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The Air That We Breathe In Indonesia


That’s the number of breaths that we take every single day on average, around

11,000 liters of air inhaled and exhaled. The element that we generally think about

when breathing is oxygen - but did you know that each of our breaths contains just

21% of oxygen? Around 79% is nitrogen, 0.04% carbon dioxide and the rest are

other gases. Except if the air is polluted, then it has other elements in it.

So, what is air pollution? 

There are other elements that end up in the air that we breathe. Generally, we should be splitting them into Gases and Particles. This is because the risk to health of each can be different. 

The key gases that the World Health Organization (WHO) has highlighted as being dangerous to human health include - Sulphur Dioxide (SO2), Ozone (O3), Carbon Monoxide (CO), Nitrogen Dioxide. 

The WHO also states that Particulate Matter is especially dangerous to human health, more specifically PM2.5. At just 2.5 microns wide, they are particles smaller than a human hair and visible only through an electron microscope. We’ll get back to PM2.5 in the next section, so let’s chat about what are acceptable levels of pollutants in the air and where they come from. 

In 2021, the WHO revised their recommendations for yearly exposure to PM2.5 drastically downwardsfrom 10 ug/m3 to 5 ug/m3. This means that each year we should, on average, be breathing no more than 5 ug/m3. 

How does that compare to the air quality in Indonesia? Let’s take a look at some charts: 

As you can see, in 2021 the average PM2.5 yearly exposure in Jabodetabek was between 36 ug/m3 and 49 ug/m3. Breaking down even further, places like Serpong and Bintaro were recording PM2.5 levels over 10 times the WHO guideline - 56 ug/m3 and 57 ug/m3 respectively. 

Until now, air pollution was primarily labelled a Jakarta problem. The data from Nafas, a pollution monitoring system, from January to July 2022 proves otherwise. 

For the first 7 months of the year, air pollution in Bandung averaged at 40 ug/m3, Yogyakarta at 36 ug/m3 and Surabaya at 32 ug/m3. All of these are still far above the WHO Guideline.So it is not just Jakarta that is suffering. It is all the major cities.

So where does this pollution come from? 

The concentration of PM2.5 pollution in any given area depends on two things: 

1.What are the hyperlocal sources? 

2.What are the geographical and meteorological features in this area? 

The breakdown of air pollution sources by area can be very different, but in general they fall into one of the following categories:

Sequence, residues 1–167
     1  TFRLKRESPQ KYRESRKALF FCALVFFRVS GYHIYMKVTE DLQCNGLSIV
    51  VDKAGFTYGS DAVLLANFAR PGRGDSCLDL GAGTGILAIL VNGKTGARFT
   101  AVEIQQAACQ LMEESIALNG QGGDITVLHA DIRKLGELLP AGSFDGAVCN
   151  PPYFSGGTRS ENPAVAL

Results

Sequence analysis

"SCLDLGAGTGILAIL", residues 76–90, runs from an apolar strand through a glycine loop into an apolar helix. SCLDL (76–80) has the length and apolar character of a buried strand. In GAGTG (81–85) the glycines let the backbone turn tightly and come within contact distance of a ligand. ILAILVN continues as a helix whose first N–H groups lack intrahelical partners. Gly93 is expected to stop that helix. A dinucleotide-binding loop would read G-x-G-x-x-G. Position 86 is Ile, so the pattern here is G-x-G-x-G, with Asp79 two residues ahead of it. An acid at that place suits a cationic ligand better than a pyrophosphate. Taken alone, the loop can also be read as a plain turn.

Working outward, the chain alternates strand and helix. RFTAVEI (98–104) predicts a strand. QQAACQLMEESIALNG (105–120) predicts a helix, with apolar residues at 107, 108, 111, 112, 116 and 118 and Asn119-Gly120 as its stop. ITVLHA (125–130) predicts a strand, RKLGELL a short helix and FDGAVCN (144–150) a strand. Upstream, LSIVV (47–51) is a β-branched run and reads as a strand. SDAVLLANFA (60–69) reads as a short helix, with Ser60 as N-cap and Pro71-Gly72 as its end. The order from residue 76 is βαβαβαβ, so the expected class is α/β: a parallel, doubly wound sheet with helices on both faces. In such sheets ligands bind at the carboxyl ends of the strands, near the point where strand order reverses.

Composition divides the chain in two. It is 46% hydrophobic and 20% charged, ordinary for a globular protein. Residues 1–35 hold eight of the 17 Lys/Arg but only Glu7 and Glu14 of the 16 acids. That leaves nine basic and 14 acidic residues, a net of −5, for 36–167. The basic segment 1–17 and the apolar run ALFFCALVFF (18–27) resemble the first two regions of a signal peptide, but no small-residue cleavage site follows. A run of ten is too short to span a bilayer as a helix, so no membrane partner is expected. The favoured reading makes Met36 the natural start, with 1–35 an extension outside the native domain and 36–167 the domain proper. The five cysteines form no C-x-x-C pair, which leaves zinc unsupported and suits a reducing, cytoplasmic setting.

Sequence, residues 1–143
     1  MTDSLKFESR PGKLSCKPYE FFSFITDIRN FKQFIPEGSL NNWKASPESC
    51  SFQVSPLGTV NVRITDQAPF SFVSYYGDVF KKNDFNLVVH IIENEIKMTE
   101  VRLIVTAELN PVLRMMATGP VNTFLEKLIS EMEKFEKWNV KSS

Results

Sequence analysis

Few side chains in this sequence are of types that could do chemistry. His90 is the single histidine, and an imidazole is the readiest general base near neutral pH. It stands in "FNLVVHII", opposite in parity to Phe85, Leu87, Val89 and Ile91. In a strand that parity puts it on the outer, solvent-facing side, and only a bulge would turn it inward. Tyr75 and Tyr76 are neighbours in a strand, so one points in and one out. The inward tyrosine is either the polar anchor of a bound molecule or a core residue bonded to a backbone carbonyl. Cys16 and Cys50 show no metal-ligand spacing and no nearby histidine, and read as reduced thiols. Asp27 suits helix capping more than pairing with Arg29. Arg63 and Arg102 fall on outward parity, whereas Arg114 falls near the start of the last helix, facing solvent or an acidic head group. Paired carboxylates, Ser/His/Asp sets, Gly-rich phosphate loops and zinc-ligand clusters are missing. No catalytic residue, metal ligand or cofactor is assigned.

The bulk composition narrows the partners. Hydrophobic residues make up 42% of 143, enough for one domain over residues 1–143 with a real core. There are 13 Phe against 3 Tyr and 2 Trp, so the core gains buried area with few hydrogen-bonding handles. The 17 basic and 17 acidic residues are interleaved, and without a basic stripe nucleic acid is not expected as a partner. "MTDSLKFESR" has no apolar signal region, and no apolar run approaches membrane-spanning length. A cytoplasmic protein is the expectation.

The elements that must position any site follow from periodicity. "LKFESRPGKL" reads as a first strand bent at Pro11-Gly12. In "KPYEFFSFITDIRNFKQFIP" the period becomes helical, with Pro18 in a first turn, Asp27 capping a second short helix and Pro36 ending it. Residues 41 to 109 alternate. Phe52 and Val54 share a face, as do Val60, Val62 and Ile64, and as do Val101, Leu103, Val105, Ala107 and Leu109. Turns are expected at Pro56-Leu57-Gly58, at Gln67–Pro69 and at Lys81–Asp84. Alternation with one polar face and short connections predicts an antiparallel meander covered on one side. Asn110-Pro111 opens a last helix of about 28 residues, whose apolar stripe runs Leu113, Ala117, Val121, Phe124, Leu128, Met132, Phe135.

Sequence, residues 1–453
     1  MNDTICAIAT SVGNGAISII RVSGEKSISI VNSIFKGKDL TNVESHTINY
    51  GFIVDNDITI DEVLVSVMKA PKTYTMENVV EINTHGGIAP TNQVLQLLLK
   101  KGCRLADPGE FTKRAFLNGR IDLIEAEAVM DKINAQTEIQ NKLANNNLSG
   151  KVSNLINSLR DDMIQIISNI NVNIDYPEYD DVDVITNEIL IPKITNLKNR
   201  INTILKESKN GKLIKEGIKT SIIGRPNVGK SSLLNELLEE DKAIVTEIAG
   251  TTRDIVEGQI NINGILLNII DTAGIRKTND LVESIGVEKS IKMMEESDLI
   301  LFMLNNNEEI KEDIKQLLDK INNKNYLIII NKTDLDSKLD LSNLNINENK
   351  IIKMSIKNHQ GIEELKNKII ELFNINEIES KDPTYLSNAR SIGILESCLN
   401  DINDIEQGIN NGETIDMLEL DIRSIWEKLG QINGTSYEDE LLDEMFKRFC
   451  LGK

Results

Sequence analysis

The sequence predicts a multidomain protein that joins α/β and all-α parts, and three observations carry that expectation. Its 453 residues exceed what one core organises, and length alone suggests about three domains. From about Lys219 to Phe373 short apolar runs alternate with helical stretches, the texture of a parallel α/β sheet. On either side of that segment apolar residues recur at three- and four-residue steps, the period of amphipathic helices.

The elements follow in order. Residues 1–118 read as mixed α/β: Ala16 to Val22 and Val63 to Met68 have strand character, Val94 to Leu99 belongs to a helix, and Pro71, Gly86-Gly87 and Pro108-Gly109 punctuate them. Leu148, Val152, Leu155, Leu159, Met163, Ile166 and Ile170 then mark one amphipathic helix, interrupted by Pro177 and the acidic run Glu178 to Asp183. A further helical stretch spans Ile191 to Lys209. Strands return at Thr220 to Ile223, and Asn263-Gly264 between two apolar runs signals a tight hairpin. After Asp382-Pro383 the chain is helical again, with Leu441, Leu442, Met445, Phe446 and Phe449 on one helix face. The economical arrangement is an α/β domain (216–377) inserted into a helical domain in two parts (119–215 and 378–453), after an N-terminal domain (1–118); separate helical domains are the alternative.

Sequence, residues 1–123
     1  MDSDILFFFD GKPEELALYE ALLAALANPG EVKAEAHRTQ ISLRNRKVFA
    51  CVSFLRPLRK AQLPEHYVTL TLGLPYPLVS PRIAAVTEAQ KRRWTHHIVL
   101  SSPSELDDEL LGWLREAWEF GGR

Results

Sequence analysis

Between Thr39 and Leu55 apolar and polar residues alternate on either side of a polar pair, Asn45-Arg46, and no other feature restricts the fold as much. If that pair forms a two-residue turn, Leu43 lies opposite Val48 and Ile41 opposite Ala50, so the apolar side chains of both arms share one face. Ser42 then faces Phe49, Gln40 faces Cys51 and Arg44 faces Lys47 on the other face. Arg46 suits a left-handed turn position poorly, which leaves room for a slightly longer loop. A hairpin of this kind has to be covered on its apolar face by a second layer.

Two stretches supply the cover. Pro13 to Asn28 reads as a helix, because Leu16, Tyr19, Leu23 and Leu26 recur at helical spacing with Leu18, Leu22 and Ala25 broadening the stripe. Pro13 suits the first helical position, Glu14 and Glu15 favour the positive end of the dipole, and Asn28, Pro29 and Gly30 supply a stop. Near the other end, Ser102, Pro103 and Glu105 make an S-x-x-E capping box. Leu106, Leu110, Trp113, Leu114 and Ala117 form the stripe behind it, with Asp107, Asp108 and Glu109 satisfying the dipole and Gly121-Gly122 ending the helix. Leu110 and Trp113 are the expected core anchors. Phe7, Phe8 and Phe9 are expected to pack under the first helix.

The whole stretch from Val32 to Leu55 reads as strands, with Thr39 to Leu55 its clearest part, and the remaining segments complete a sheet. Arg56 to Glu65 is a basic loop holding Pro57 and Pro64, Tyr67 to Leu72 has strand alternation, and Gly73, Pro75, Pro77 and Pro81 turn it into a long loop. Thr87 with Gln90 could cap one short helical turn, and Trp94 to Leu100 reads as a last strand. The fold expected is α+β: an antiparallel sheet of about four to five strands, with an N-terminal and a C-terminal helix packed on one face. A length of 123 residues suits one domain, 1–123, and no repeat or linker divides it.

• Agricultural crop burning

  • Factories & heavy industries

  • Transportation & logistics

  • Energy generation

  • Small & medium businesses

  • Waste burning - industrial & small scale


  • Forest Fires,

  • Volcanoes,

  • Dust Storms

As some of these sources are seasonal (i.e. agricultural burning), the pollution concentrations may vary throughout the year. 

Geography and meteorology both influence how concentrated PM2.5 can get. Bandung, for example, is surrounded by mountains which means that PM2.5 pollution frequently gets trapped. 

The seasons also play a role in pollution levels - during the dry season the amount of wind and rain is significantly lower, causing “stale air” and higher concentrations of PM2.5. In the rainy season, the opposite can happen - although it is wind, not rain that has the larger impact. 

Three not-so-fun facts about PM2.5 air pollution

Not So Fun Fact #1: Trees Don’t Reduce PM2.5

Nafas sensors located in places with large “green” areas have shown that trees don’t significantly reduce PM2.5 pollution. A study from the US EPA showed that PM2.5 removal by trees can only be up to 0.24%, quite insignificant.

Here’s the YTD data from a few of these locations: 

(CHART - Serpong, Bintaro, Cibubur, Harapan Indah vs. WHO Guideline)

Not So Fun Fact #2: PM2.5 Pollution Can Travel 1,000s of km.

Sources of air pollution do not need to be in our neighborhood for it to have an impact. Some of the reasons why “Green” areas have heightened pollution levels may be due to “Transboundary Pollution” - coming in from other sources. 

For example, many studies have shown that PM2.5 pollution from forest fires, coal power plants, factories and agricultural burning have enshrouded large cities with thick smoke.

Not So Fun Fact #3: Pollution Can Be Worst In The Morning

Due to the way our atmosphere behaves, air pollution levels generally follow a trendline that looks like this: 

The way the surface of our planet heats up and cools has an impact on the planetary boundary layer, the first layer within our atmosphere which expands and contracts, having a direct impact on concentrations of PM2.5 

On average in cities with high PM2.5 levels, Nafas has seen that air pollution can be worse in the morning - a big health hazard for those who like to exercise. 

So what can we do about this seemingly impossible challenge: how to find somewhere to live that does not have these hidden hazards in the air we breathe? Well first you need to log on to and check what the current levels of pollution are in the areas you live work and play. Then you have to decide if that is something you can tolerate. If not there are only two solutions: one, move to an unpolluted area. Or two install air filters in your house and office to at least get some relief while you work and sleep.

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